The classic ocular involvement of systemic sarcoidosis with uveitis and retinal vasculitis most commonly does not occur in the same patient who develops orbital and adnexal disease. In a multicenter study of 26 patients with orbital and adnexal sarcoidosis, 6 had anterior uveitis at diagnosis, prior to diagnosis, or on follow-up (Prabhakaran 2007).
Sarcoidosis seems to be an exaggerated granulomatous reaction to unidentified antigen(s) in individuals who are genetically susceptible (Valeyre 2014).
Two suspected infectious agents linked to sarcoidosis are mycobacteria (Haupert 1997) and propionibacteria (Eishi 2013).
- There is no evidence that it is an infectious disease.
- Killed or partly degraded pathogens seem to trigger the immune response.
- The high lipid content in the cell membranes of these 2 infectious agents make them resist degradation.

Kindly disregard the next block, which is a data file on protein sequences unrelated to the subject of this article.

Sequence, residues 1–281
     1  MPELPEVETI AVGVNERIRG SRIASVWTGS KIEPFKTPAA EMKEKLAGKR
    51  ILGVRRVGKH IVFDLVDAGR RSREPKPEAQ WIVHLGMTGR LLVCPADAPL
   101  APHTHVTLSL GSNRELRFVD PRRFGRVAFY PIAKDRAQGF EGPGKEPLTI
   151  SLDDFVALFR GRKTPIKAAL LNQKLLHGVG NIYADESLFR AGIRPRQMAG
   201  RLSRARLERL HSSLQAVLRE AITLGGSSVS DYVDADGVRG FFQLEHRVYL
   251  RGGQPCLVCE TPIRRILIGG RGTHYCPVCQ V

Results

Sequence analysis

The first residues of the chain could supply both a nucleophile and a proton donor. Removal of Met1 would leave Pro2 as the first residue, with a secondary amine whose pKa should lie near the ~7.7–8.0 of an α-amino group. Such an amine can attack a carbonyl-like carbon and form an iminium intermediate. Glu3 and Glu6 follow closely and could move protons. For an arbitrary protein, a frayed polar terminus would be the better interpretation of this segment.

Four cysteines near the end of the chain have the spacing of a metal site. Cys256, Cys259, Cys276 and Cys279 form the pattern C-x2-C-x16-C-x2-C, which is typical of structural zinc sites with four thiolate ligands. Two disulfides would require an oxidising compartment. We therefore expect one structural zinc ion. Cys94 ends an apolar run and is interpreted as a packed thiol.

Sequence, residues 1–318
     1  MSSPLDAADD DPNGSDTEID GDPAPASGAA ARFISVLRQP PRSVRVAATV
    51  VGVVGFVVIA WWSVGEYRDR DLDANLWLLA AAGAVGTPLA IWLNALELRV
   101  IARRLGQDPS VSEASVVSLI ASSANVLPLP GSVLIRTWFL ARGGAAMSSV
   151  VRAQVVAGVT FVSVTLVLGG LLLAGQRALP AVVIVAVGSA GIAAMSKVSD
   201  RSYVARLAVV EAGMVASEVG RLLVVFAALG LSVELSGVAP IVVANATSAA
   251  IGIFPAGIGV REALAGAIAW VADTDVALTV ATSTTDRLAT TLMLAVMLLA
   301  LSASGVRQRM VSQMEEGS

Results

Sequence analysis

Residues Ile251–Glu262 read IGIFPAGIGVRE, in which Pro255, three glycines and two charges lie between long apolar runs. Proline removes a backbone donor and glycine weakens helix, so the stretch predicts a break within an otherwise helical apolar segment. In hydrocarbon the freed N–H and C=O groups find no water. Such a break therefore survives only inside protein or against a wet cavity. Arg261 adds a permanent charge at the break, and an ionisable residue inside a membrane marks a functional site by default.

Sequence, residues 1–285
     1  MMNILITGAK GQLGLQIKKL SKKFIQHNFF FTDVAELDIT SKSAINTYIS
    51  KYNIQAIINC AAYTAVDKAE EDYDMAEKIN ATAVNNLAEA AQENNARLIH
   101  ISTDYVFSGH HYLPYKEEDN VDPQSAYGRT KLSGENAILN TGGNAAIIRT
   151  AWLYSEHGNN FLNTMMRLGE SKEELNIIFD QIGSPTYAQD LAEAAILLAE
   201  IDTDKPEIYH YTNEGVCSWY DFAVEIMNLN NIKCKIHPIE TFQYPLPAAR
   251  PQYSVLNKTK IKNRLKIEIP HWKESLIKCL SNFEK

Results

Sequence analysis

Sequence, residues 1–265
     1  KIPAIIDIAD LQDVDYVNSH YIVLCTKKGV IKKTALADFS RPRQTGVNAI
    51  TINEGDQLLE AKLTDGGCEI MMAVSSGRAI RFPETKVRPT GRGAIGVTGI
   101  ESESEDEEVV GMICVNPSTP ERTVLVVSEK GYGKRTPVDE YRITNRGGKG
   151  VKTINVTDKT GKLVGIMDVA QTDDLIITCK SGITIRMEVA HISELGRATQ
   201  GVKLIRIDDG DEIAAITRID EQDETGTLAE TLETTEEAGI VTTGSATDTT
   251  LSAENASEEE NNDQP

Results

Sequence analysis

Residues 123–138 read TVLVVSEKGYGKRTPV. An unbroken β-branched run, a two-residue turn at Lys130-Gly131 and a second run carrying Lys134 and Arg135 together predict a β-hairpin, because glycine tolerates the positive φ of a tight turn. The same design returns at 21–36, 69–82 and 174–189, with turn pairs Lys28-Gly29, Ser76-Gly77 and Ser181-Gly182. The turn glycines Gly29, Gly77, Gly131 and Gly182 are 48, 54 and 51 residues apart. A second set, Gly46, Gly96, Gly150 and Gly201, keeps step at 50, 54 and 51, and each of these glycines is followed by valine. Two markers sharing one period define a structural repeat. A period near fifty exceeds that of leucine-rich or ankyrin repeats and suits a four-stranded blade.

- Resistance to degradation is a constant in sarcoidosis.
The antigens in partly degraded mycobacteria and propionibacteria have "trigger patterns" that bind to trigger pattern receptors: Toll-like receptors 2 and 9, C-type lectins, and NOD-like receptors.
Macrophages typically suppress the effector T-cell response, whereas macrophages from patients with sarcoidosis have antigen-presenting capacities and are hyper-reactive to certain ligands.
Non-necrotizing granulomas are thought to trap remnants that cannot be further degraded. In the progressive disease, the antigen is postulated to persist, thereby inducing a chronic immune response.